Hungarian researchers have grown peppers in a bioreactor. This is how they reinterpreted greenhouse cultivation. The peppers created by the researchers are rich in vitamin C, nutrients and, of course, flavour. This technology, which can be also used in space, could provide a solution to the food crisis of the future.
At the Dreamers of Dreams 20 exhibition in Budapest’s Millenáris Park, visitors can see and even taste peppers made with the new technology. Experts from the University of Debrecen’s Space Nutrition Research Group have already harvested their special peppers several times. The researchers are growing the popular Hungarian vegetable in a bioreactor.
Miklós Fári, a professor at the University of Debrecen, is leading the research. Fári told index.hu that the “space pepper” they developed tastes exactly the same as peppers grown under conventional conditions. The research team’s tests show that their peppers are rich in nutrients, vitamin C and carotene. Just like regular peppers. In fact, the foliage of the space pepper is edible because it has not been treated with artificial substances. The plant biologist says it tastes most like arugula.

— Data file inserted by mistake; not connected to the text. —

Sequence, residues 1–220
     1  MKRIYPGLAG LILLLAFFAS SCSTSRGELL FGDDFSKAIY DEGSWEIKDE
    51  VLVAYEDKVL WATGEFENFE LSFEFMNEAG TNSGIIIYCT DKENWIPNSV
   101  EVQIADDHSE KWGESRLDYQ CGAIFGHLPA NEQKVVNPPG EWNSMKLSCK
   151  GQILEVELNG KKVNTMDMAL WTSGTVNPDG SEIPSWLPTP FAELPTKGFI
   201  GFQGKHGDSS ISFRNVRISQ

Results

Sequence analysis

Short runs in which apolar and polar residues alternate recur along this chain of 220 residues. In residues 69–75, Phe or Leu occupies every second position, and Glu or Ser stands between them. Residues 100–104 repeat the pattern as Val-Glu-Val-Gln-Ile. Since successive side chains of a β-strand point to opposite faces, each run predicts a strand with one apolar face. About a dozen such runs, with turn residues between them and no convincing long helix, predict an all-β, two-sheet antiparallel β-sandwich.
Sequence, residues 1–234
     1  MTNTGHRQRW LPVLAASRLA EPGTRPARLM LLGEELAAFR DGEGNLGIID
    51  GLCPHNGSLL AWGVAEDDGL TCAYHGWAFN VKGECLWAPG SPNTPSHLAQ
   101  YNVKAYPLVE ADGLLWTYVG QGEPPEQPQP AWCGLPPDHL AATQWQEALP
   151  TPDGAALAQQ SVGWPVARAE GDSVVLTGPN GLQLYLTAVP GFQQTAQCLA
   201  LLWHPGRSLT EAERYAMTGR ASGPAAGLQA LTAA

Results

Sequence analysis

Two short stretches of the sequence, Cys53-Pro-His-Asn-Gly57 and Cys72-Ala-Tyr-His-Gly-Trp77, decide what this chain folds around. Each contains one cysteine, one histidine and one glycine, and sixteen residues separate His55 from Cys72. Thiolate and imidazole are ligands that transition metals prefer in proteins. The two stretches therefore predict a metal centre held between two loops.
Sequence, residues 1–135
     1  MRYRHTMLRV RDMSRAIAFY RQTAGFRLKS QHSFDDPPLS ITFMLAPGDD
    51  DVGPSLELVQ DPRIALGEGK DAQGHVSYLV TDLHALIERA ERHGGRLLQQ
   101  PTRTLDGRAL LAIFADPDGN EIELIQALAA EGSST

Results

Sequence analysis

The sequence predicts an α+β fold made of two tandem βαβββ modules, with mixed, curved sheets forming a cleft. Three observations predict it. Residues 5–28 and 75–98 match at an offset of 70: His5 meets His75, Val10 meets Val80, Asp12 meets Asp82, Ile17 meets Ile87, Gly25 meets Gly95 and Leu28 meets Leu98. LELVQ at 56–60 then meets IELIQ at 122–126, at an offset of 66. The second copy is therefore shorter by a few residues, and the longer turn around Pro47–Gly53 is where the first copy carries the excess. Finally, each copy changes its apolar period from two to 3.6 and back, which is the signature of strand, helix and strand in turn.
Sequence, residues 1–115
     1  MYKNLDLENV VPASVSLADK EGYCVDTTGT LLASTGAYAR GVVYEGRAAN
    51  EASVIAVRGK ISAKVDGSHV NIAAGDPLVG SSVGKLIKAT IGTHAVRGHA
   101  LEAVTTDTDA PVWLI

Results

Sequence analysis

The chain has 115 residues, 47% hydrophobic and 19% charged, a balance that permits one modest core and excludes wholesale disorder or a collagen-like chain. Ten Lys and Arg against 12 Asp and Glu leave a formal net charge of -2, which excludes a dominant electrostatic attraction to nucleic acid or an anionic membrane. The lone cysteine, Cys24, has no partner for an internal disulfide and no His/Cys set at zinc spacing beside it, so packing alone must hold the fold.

Vertical farming technology already exists abroad, for example in the Netherlands and Japan. The method is used to supply the population with fresh food. “In metropolises of several million people, supplying the population with fresh food is a major logistical and production problem. Enclosed urban farming is a realistic answer to this problem,” said Miklós Fári.
Paprika is a well-known Hungaricum all over the world.
Albert Szentgyörgyi was awarded the Nobel Prize in 1937 for his research on paprika. Fári believes that paprika is the elite crop of science.
In the 1980s, the University of New Mexico created a variety of pepper that requires less light and water. It was later included in NASA’s space crop program. The seeds of Hatsch peppers were sown at Kennedy Space Center and launched into space in 2021. Members of Expedition 66 were able to taste the first peppers grown in space in October.
The experiments of the Space Nutrition Research Group at the University of Debrecen were carried out in parallel. The method was the same, but they were experimenting with a Hungarian pepper variety. The Hungarian team asked for a sample of NASA’s peppers for comparison, writes unideb.hu.
“The chilli pepper sent up yields more leaves and less fruit than the Hungarian sweet paprika, while the former yields one part fruit per six parts leaf, ours produces two parts fruit per part stem and leaf head because of better photosynthesis efficiency. In addition, the domestic version requires less energy to produce, less light and nutrients,” Fári summarised the results.
Source: index.hu, unideb.hu